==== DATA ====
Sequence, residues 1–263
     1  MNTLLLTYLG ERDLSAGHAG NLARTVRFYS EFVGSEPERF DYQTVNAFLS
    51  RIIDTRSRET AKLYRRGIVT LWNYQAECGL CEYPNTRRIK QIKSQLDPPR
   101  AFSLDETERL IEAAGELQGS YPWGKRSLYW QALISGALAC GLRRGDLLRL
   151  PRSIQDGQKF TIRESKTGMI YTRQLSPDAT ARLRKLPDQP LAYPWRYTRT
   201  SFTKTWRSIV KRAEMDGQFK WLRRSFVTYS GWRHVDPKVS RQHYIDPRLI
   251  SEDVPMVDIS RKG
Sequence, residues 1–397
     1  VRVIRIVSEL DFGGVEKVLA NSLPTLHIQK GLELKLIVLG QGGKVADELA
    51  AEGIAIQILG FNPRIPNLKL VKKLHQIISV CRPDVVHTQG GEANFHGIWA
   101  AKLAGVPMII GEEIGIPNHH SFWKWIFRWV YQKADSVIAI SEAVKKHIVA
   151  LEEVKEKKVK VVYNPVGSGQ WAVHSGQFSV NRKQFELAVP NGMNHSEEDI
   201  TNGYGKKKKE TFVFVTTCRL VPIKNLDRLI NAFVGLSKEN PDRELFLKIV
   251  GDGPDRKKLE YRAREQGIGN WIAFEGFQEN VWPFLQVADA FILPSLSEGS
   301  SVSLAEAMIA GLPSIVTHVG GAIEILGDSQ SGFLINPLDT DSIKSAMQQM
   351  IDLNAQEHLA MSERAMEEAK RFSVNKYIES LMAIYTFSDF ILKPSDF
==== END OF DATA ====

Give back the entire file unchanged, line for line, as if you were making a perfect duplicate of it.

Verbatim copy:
Sequence, residues 1–263
     1  MNTLLLTYLG ERDLSAGHAG NLARTVRFYS EFVGSEPERF DYQTVNAFLS
    51  RIIDTRSRET AKLYRRGIVT LWNYQAECGL CEYPNTRRIK QIKSQLDPPR
   101  AFSLDETERL IEAAGELQGS YPWGKRSLYW QALISGALAC GLRRGDLLRL
   151  PRSIQDGQKF TIRESKTGMI YTRQLSPDAT ARLRKLPDQP LAYPWRYTRT
   201  SFTKTWRSIV KRAEMDGQFK WLRRSFVTYS GWRHVDPKVS RQHYIDPRLI
   251  SEDVPMVDIS RKG
Sequence, residues 1–397
     1  VRVIRIVSEL DFGGVEKVLA NSLPTLHIQK GLELKLIVLG QGGKVADELA
    51  AEGIAIQILG FNPRIPNLKL VKKLHQIISV CRPDVVHTQG GEANFHGIWA
   101  AKLAGVPMII GEEIGIPNHH SFWKWIFRWV YQKADSVIAI SEAVKKHIVA
   151  LEEVKEKKVK VVYNPVGSGQ WAVHSGQFSV NRKQFELAVP NGMNHSEEDI
   201  TNGYGKKKKE TFVFVTTCRL VPIKNLDRLI NAFVGLSKEN PDRELFLKIV
   251  GDGPDRKKLE YRAREQGIGN WIAFEGFQEN VWPFLQVADA FILPSLSEGS
   301  SVSLAEAMIA GLPSIVTHVG GAIEILGDSQ SGFLINPLDT DSIKSAMQQM
   351  IDLNAQEHLA MSERAMEEAK RFSVNKYIES LMAIYTFSDF ILKPSDF